Scientists Create a Mutant Worm to Help Learn About Treating Alcoholism

Alcohol Withdrawal

Scientists at The University of Texas at Austin have created a mutant worm that does not get intoxicated by alcohol, which could result to new drugs to treat the symptoms of people going through alcohol withdrawal.

The study, published in The Journal of Neuroscience today, relates how the researchers were able to alter a common human alcohol target — a molecular channel that binds alcohol in the brain — in Caenorhabditis elegans worms by modifying the worm’s genetic makeup.

“This is the first example of altering a human alcohol target to prevent intoxication in an animal,” corresponding author Jon Pierce-Shimomura, an assistant professor in the College of Natural Sciences and Waggoner Center for Alcohol and Addiction Research at the University of Texas at Austin, said in a university news release.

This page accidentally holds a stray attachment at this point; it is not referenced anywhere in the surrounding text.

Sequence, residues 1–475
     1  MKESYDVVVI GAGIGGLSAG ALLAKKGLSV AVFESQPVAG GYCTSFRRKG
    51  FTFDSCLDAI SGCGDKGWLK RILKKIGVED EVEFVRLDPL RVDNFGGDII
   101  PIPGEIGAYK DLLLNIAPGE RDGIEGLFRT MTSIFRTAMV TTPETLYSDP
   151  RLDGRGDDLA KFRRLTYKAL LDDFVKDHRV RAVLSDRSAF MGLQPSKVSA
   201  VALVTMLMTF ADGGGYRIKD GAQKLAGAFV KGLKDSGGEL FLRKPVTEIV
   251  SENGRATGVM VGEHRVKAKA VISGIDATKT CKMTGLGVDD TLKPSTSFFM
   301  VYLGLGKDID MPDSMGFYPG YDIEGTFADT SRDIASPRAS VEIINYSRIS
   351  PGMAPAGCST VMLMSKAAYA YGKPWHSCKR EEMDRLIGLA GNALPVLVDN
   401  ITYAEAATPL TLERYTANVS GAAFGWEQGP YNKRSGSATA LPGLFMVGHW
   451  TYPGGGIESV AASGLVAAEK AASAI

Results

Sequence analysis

An alcohol target is any neuronal molecule that binds alcohol.

One important aspect of this modified alcohol target, a neuronal channel called the BK channel, is that the mutation only affects its response to alcohol. The BK channel typically regulates many important functions including activity of neurons, blood vessels, the respiratory tract and bladder. The alcohol-insensitive mutation does not disrupt these functions at all.

Normally, when worms are put into a lab dish that contains alcohol, they become drunk. Being drunk for a worm means not being able to wiggle from side to side as much and also crawling much more slowly. But with the modified channel, the worms acted just as they did without the alcohol.

“It is remarkable that [a] mutation … could have such a dramatic specific effect on ethanol modulation while minimally affecting basal BK channel function,” the researchers wrote in the study.

“We got pretty lucky and found a way to make the channel insensitive to alcohol without affecting its normal function,” says Pierce-Shimomura.

The scientists believe the research has potential applications for treating people addicted to alcohol.

“Our findings provide exciting evidence that future pharmaceuticals might aim at this portion of the alcohol target to prevent problems in alcohol abuse disorders,” says Pierce-Shimomura. “However, it remains to be seen which aspects of these disorders would benefit.”

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